1. The current classification of the Felidae was reviewed by a panel of 22 experts divided into core, expert and review groups, which make up the Cat Classification Task Force CCTF of the IUCN Cat Specialist Group.

    2. The principal aim of the CCTF was to produce a consensus on a revised classification of the Felidae for use by the IUCN.

    3. Based on current published research, the CCTF has fully revised the classification of the Felidae at the level of genus, species and subspecies.

    4. A novel traffic-light system was developed to indicate certainty of each taxon based on morphological, molecular, biogeographical and other evidence. A concordance of good evidence in the three principal categories was required to strongly support the acceptance of a taxon.

    5. Where disagreements exist among members of the CCTF, these have been highlighted in the accounts for each species. Only further research will be able to answer the potential conflicts in existing data.

    6. A total of 14 genera, 41 species and 80 subspecies are recognised by most members of the CCTF, which is a considerable change from the classification proposed by Wozencraft (2005), the last major revision of the Felidae.

    7. Future areas of taxonomic research have been highlighted in order to answer current areas of uncertainty.

    8. This classification of the Felidae will be reviewed every five years unless a major new piece of research requires a more rapid revision for the conservation benefit of felid species at risk of extinction.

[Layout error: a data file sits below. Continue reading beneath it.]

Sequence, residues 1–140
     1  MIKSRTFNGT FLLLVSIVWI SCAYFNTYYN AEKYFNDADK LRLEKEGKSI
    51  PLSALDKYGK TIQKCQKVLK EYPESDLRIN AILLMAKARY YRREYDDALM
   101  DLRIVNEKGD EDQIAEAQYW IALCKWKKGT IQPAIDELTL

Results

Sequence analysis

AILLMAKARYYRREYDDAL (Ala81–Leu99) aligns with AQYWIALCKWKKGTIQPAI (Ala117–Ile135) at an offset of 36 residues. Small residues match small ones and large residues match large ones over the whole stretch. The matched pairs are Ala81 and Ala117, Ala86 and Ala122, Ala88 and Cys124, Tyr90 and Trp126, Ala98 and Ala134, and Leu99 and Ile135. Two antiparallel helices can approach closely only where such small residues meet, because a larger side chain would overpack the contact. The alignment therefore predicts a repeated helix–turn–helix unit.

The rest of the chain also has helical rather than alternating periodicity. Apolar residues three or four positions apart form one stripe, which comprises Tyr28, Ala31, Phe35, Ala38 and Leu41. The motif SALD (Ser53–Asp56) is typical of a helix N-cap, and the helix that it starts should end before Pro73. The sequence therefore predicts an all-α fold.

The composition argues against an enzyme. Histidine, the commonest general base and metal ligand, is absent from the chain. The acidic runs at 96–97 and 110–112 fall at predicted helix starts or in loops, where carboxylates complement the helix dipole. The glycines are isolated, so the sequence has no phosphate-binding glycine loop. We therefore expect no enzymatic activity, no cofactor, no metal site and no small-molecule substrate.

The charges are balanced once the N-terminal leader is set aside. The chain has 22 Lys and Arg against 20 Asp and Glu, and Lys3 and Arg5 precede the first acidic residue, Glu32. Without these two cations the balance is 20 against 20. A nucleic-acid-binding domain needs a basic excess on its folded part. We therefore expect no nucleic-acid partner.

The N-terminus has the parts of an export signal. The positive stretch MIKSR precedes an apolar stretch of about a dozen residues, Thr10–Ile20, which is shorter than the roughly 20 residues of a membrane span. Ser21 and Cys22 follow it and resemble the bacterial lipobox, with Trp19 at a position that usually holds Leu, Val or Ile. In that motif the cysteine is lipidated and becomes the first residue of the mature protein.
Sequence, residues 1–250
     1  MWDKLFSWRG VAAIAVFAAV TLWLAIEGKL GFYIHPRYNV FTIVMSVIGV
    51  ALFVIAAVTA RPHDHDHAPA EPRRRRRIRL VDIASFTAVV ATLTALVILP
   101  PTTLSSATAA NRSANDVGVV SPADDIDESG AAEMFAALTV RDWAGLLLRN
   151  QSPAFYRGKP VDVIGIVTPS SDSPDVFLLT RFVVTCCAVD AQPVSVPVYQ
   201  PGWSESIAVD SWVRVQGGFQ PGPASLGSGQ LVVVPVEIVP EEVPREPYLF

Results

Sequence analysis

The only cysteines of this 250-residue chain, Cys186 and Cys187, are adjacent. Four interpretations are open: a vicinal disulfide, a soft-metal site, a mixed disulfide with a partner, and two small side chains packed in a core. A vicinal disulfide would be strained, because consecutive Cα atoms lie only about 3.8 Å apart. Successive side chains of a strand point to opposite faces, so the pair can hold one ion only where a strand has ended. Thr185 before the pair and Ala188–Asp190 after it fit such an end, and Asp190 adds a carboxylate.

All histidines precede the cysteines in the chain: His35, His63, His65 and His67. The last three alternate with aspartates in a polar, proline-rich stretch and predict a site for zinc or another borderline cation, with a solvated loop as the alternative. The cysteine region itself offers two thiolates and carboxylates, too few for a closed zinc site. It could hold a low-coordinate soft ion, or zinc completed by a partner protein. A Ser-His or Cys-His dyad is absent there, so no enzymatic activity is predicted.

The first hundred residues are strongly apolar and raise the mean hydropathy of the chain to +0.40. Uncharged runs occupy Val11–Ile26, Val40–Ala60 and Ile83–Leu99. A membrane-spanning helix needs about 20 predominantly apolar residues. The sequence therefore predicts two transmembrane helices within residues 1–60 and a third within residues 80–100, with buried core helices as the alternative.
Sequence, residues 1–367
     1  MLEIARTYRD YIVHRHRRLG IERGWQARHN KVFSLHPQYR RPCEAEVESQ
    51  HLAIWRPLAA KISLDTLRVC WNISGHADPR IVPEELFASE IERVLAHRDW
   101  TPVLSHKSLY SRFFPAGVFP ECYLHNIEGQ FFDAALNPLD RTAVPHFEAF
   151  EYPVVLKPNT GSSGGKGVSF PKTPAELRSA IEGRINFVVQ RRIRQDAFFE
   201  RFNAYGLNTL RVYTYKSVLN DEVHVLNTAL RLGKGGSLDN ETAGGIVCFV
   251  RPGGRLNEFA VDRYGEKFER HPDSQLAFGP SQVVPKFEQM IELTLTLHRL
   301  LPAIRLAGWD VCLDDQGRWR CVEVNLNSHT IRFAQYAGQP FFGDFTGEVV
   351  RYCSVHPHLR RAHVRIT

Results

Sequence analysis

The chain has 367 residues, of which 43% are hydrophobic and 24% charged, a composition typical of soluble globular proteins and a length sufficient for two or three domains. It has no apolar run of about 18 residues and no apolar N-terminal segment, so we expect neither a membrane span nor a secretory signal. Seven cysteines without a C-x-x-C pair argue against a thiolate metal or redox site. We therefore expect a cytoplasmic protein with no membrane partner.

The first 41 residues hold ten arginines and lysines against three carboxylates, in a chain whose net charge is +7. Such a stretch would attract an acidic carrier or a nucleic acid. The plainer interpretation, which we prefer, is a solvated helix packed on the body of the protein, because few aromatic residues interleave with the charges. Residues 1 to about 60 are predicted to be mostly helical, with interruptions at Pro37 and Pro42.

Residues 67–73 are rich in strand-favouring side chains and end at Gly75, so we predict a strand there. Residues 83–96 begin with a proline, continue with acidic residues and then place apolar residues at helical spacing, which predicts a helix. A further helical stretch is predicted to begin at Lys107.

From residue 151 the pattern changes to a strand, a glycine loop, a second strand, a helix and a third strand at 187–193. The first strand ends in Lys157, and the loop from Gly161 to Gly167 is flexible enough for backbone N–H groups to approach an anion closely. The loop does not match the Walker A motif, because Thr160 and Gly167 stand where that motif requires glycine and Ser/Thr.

• 11. Manthi, Fredrick Kyalo
    et al.
    Brown, Francis H.
    Plavcan, Michael J.
    Werdelin, Lars
    Naturhistoriska riksmuseet, Enheten för paleobiologi.
    Gigantic lion, Panthera leo, from the Pleistocene of Natodomeri, eastern Africa2017Ingår i: Journal of Paleontology, ISSN 0022-3360, E-ISSN 1937-2337Artikel i tidskrift (Refereegranskat)
    Abstract [en]

    The partial skull of a lion from Natodomeri, northwest Kenya is described. The Natodomeri sites are correlated with Member I of the Kibish Formation, dated to between 195 ka and ca. 205 ka. The skull is remarkable for its very great size, equivalent to the largest cave lions (Panthera spelaea  [Goldfuss, 1810]) of Pleistocene Eurasia and much larger than any previously known lion from Africa, living or fossil. We hypothesize that this individual represents a previously unknown population or subspecies of lion present in the late Middle and Late Pleistocene of eastern Africa rather than being an indication of climate-driven size increase in lions of that time. This raises questions regarding the extent of our understanding of the pattern and causes of lion evolution in the Late Pleistocene.